Number two, Christian Louboutins-- $900. To be fair, I made this purchase back when I had a good job I didn't think I'd lose. And I'd saved up for these so I could wear them to a fancy wedding.

I also just wanted a pair of Louboutins so that I could know I owned a pair of Louboutins. I am not even going to lie. And truthfully, they really are beautiful shoes.

In photos, they look fantastic. When I wear them, I want to take painkillers. Will I own and prize these shoes as long as I live?

Absolutely. Will I regret purchasing them when I could have purchased a much more comfortable, just-as-beautiful shoe? Also yes.

Number three, an Apple Watch-- $250-plus. I got myself an Apple Watch for my 30th birthday, and it's not that great. It was an older generation, so it was slightly less expensive than the brand-new version that was out.

But it was still hella pricey. I appreciate it telling me my heart rate is much too high when I'm walking the dog. I get it.

I'm out of shape. But I get mildly annoyed when it nudges me to stand up or meditate. I truly did think having an Apple Watch would motivate me to be more active and mindful of my movement, but I'm still not sure how it's any different from my iPhone giving me my steps for the day.

Number four, a rowing machine-- $400. Since all the gyms have closed down in my area of LA, I thought it would be a brilliant idea to spend over $400 on a rowing machine. I have used it maybe three times even though I had big dreams of getting rower arms and a rower back.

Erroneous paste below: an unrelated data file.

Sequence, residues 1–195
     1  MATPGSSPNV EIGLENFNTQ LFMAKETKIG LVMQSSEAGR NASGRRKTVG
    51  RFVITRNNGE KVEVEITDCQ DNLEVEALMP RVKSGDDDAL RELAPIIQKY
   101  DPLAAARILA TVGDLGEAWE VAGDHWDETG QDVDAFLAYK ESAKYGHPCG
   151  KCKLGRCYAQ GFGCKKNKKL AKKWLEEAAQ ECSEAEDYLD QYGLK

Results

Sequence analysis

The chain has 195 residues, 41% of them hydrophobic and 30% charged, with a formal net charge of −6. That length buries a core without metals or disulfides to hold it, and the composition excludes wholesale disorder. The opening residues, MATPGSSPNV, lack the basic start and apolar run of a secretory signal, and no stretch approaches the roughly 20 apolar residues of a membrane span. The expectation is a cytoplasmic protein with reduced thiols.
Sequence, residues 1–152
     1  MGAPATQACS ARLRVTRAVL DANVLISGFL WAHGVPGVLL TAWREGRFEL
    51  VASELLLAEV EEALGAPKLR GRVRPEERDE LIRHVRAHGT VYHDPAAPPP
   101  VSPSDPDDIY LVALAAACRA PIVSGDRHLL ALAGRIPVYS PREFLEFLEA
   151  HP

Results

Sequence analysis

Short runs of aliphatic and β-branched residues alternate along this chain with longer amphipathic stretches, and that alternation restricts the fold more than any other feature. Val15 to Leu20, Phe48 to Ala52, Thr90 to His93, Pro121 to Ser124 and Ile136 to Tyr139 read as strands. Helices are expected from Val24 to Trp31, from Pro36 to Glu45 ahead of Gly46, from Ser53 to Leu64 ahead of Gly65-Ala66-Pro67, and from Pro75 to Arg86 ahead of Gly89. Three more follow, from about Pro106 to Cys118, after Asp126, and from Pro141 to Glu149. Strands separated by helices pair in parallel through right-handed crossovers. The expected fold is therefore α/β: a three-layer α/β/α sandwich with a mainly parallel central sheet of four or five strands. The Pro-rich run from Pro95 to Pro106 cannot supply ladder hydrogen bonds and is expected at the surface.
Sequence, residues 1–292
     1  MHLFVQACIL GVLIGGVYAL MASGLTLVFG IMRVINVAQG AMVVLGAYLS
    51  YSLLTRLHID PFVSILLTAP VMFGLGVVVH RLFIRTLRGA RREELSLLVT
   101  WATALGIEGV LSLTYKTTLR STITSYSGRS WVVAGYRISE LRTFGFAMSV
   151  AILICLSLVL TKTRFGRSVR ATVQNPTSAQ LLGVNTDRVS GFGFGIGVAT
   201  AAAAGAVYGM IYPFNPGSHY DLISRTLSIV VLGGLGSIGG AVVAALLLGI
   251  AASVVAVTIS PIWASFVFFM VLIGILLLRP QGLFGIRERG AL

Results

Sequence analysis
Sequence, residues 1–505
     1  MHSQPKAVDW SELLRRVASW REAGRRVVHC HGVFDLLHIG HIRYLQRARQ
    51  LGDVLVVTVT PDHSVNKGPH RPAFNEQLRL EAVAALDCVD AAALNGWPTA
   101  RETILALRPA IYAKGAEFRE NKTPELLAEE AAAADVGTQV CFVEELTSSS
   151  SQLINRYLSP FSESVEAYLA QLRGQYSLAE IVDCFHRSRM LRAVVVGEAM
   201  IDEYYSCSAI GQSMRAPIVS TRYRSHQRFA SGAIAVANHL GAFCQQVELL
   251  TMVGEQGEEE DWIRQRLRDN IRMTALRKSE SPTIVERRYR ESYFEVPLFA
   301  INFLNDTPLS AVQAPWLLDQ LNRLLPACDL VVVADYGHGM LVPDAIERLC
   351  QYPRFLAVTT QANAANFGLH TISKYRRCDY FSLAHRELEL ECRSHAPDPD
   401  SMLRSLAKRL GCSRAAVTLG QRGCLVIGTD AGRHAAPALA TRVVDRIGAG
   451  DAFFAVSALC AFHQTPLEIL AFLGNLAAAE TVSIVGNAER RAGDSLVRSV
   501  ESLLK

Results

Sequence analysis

I spend more time going on walks with the dog, a free activity, than I do rowing for 10-minute intervals. I have two options. Either I make an effort to make the time to use the rowing machine, or I sell it.

Because right now, every time I pass it, I become overcome with a wave of remorse. Number five, new patio furniture-- $300. In theory, this was actually a very lovely purchase.

And the price was decent except that my 85-pound dog likes to chew on anything she can get her mouth around. So she whittled it down like a pencil sharpener in a couple of weeks. And you know what?

It's my fault. I should have gotten steel patio furniture instead of opting for the cuter design. Number six, expensive running shoes-- $125.

Once upon a time, this past spring right before I got laid off, I decided to replace my worn-out Nike's with some more ergonomic sneakers just in case I decided to take up running or increase my time at the gym. I ended up spending around $120 for a pair of Adidas that looked like a fashion statement from

Xenon: Girl of the 21st Century-- not in a good way. I did not take up running, and all the gyms closed. I still wear these sneakers. They're comfortable.

But I wish I opted for a much cheaper pair. You can get comfort and support for your feet without breaking the bank. Number seven, a hanging chair swing that broke-- $100.

During the summer, I decided it was a good idea to renovate the backyard. It'll feel like a vacation. So I took some savings and bought a couple of key pieces that would make me want to spend more time on my patio.

I bought a hammock-- I still love it and stand by this purchase, new wooden patio furniture on sale from Wayfair, and a swinging chair that hung from the pergola. The chair was a cute idea. Except one day, I went to go sit in it to read a book and it freaking broke because the rope snapped.

I ended up falling on my butt and was much more angry about the fact that I spent at least $100 on a swinging chair than I was on the bruise it gave me on my bum-- super cute.